How Cashless is harming the elderly

When the UK Government increased the limit on contactless payments from £30 to £45 in April last year, a country gripped by Covid-19 and under nationwide lockdown for the first time welcomed the move.

An increase had been under discussion for some time, but the pandemic expedited the move, with the authorities keen to reduce the need for physical contact in shops and to cut queues to help keep people safe. Later this year the contactless limit will be increased once more to £100.

For most, the April change made sense. People were spending much more on their visits to shops and supermarkets to try to decrease the number of times they left their homes. However, for Michael, who is 84, the move was deeply worrying, with many shops refusing cash altogether.

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The cashless society from an ethical point of view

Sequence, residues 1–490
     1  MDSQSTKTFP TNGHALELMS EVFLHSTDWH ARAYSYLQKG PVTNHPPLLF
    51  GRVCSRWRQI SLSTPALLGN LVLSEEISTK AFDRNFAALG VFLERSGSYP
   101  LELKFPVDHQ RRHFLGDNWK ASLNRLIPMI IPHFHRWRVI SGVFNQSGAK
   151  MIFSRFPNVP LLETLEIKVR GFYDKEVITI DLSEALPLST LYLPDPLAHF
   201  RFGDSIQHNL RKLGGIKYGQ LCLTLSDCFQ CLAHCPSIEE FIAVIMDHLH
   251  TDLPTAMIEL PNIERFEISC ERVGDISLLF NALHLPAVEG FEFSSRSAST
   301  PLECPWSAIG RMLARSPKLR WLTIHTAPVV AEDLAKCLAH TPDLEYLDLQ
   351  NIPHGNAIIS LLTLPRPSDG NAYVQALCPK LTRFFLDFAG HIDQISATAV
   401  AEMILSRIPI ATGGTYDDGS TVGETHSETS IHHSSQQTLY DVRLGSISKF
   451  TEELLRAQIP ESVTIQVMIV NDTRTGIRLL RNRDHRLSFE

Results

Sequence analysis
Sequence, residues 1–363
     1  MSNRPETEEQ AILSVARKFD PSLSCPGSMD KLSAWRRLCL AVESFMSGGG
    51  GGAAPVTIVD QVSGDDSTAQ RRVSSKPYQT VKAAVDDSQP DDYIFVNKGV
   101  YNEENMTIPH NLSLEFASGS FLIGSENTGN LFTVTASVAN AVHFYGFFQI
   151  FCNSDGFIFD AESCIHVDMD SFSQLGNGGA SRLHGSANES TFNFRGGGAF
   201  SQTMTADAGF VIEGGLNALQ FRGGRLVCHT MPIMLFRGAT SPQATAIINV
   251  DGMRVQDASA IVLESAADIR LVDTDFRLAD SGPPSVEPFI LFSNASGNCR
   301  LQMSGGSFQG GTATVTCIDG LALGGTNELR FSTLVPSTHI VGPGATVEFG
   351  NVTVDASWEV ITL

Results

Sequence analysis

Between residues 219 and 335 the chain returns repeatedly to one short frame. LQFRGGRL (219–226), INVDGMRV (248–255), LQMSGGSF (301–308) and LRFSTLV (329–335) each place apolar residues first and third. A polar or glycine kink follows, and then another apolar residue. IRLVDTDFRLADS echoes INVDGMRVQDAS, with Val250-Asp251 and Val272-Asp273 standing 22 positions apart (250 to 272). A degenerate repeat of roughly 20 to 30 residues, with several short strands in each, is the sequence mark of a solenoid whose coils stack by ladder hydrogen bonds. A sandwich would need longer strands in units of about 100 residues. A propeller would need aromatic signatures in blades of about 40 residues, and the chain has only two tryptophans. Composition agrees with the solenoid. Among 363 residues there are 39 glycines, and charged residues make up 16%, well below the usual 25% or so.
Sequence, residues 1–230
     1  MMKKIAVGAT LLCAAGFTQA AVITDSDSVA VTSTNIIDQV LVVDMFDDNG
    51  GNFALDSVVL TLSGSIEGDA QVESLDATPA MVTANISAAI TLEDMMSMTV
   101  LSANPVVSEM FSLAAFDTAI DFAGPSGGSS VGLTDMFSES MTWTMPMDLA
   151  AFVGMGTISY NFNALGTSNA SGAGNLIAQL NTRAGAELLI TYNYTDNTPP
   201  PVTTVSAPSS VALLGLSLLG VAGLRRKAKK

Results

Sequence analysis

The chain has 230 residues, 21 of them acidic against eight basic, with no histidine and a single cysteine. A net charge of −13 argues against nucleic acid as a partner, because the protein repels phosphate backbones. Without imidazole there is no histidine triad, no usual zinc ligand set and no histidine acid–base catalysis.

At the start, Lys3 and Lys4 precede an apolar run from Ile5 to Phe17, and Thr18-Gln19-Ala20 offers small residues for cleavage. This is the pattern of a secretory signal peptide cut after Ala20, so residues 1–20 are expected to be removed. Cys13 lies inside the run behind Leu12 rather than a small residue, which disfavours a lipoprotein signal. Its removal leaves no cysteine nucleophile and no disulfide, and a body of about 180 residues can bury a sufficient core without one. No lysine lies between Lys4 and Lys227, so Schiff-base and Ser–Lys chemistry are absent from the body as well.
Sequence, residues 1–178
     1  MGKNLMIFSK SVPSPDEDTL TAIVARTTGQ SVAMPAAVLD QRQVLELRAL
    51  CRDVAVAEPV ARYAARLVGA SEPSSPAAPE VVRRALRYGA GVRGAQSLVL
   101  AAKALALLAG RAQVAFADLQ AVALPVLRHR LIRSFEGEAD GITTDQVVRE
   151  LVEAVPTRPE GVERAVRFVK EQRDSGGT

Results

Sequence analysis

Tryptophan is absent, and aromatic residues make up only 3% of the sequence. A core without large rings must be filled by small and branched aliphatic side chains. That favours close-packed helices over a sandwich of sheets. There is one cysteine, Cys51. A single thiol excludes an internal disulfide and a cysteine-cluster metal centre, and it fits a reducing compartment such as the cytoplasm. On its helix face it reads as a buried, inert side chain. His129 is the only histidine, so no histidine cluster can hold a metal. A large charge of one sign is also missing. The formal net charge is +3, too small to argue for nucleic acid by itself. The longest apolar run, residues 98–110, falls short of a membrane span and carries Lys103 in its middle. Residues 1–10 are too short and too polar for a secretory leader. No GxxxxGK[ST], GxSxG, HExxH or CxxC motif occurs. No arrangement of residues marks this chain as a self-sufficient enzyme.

The debate about the move towards a cashless society has been at the center of the scene for several years, now. Various angles have been taken by economists, politicians, banking institutions and sociologists. Beyond the technicalities of the debate, lies the question of freedom, of inter-citizen solidarity and of governmental responsibility. The debate cannot remain in the hands of financial specialists, it is first and foremost an ethical, political and societal issue.

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The debate

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